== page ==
It makes global supply chains more efficient through improved assurances, reduced inventory costs, improved lead times, improved cashflow, and more sophisticated data analytics. Traceability can also support compliance in an increasingly complex landscape of consumer demand and regulatory mandates.
Traceability should work for workers, too. Supply chain traceability can and should access and reflect the voices, experiences, and needs of workers. Downstream companies implementing traceability systems in their supply chains need to act on supply chain information surfaced by traceability systems, feeding it back into their labor and human rights due diligence systems that prevent, address, and remediate abuses like forced labor and child labor.
The Supply Chain Traceability Matrix is a guide for leveraging the power of traceability to combat labor rights violations in global supply chains.
Traceability can refer to a wide range of strategies that shed light on the origins and movement of goods in supply chains.
Traceability is not new to global companies. Companies already track the movement of products through their supply chains to ensure food safety, consumer safety, and to forecast and generally optimize supply chain efficiency. Today, many conversations about traceability focus on the promise of sustainable and fair supply chains but it is sometimes hard to parse what is being traced and why.
How can companies use traceability to improve the lives of workers and communities?
Increased supply chain traceability does not automatically lead to better working conditions and less child labor and forced labor. Companies need to design and implement traceability systems with specific labor and human rights due diligence goals in mind like preventing, addressing, and remediating forced and child labor. Companies should also consider how their traceability systems will facilitate efforts to access and amplify worker voice: hearing directly from workers and their advocates at different points in their supply chain and integrating that information back into due diligence systems.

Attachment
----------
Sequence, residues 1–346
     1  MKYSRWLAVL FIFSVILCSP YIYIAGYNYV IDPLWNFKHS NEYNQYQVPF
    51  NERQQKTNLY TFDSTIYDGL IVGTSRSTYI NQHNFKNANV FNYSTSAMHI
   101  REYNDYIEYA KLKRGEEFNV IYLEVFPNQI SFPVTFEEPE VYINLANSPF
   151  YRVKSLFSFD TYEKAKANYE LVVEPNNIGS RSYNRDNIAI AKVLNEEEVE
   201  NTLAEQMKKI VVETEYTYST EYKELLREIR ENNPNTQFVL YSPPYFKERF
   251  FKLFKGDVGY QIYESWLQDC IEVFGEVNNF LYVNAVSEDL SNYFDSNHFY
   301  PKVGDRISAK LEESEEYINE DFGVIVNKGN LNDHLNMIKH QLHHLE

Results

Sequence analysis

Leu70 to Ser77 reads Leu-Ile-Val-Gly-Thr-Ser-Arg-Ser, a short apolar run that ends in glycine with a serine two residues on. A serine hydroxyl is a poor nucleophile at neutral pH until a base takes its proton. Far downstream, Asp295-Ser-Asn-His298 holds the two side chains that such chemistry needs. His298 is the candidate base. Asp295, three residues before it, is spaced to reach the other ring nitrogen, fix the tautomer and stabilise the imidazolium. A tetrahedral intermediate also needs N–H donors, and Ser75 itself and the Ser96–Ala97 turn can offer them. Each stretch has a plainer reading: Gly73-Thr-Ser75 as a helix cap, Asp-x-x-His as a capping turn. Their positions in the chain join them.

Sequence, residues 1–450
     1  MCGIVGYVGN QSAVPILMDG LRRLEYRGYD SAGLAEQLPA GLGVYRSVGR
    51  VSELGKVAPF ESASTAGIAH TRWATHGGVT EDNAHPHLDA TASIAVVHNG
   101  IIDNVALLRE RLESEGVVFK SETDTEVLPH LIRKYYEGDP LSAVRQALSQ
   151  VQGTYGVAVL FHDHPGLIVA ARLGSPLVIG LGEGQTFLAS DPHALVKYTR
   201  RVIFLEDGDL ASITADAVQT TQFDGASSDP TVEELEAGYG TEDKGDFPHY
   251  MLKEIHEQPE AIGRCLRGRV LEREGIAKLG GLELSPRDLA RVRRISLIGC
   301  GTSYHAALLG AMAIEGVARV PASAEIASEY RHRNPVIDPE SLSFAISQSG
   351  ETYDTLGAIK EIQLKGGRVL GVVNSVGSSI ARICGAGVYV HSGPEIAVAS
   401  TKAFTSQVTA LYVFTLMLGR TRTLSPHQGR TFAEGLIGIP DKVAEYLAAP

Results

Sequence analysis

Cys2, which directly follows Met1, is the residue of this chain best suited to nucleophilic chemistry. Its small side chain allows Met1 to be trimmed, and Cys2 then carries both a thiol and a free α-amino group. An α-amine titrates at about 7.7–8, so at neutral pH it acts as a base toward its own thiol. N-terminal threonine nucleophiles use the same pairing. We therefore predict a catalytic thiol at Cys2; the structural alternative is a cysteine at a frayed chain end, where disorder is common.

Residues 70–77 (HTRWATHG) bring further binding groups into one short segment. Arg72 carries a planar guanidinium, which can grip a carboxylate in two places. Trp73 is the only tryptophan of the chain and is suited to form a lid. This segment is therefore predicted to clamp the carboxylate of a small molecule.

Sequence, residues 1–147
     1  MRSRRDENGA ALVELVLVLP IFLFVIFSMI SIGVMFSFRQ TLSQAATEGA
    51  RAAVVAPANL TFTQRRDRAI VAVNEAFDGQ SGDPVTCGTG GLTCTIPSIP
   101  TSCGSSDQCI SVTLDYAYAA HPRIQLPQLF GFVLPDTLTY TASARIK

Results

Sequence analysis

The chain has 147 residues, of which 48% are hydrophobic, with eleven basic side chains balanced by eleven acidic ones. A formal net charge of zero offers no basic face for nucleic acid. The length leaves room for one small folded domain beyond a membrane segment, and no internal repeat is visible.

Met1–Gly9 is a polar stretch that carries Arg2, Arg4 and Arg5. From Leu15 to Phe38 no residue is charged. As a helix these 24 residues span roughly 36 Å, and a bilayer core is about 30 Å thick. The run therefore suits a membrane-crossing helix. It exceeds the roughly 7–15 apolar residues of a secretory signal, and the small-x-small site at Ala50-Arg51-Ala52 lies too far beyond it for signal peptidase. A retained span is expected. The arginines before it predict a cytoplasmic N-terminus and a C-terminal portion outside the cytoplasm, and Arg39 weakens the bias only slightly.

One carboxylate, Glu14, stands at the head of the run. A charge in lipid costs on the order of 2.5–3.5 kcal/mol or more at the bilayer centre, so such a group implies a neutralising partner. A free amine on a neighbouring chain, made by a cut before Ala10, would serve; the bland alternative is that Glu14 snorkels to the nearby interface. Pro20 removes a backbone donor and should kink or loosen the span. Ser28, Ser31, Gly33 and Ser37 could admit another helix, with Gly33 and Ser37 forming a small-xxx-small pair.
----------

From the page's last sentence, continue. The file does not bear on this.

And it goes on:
The Matrix is designed to help users interested in designing traceability systems that work for workers. It guides users to start by identifying the due diligence goals they want to support via traceability. From there, the Matrix guides users to consider the types of information they’ll need to meet those goals, learn which traceability approaches offer the needed functions and insight, and finally to consider how the unique characteristics of different global supply chains – including the presence of different labor rights risks – can impact feasibility of traceability system implementation.
At the highest level, the Matrix organizes the broad universe of supply chain traceability approaches – as well as the tools and technology needed to implement these approaches – into groups based on the function they can play in traceability and due diligence systems. These functions are:
What Does Supply Chain Traceability Have to Do with Combating Forced Labor and Child Labor?
Traceability alone cannot improve conditions for workers. Combating forced and child labor and other human rights abuses in global supply chains requires concrete actions: accessing and amplifying workers’ voices around their experiences, identifying and understanding labor conditions workers face every day, working to mitigate and prevent identified risks, and transparently reporting on progress. While they are not a one-size-fits-all answer, traceability systems can be tools to support and inform these due diligence actions. How do we come to a common understanding of what due diligence means for companies? Widely accepted normative due diligence frameworks specific to human and labor rights in global supply chains include:
These frameworks are well aligned and, when taken together, lay out the following key Labor Rights Due Diligence Steps for combating forced labor and child labor:
Let’s get more specific about how traceability systems can be leveraged to create concrete changes for workers. Supply chain insights surfaced by traceability systems CAN support labor rights due diligence IF companies leverage traceability information to take concrete due diligence actions. For example:
The interactive section below starts with each labor rights due diligence step and describes how different traceability system insights and benefits can be used to achieve that step.
The section below starts with each labor rights due diligence goal and discusses the ways in which different traceability approaches can support implementation of that goal.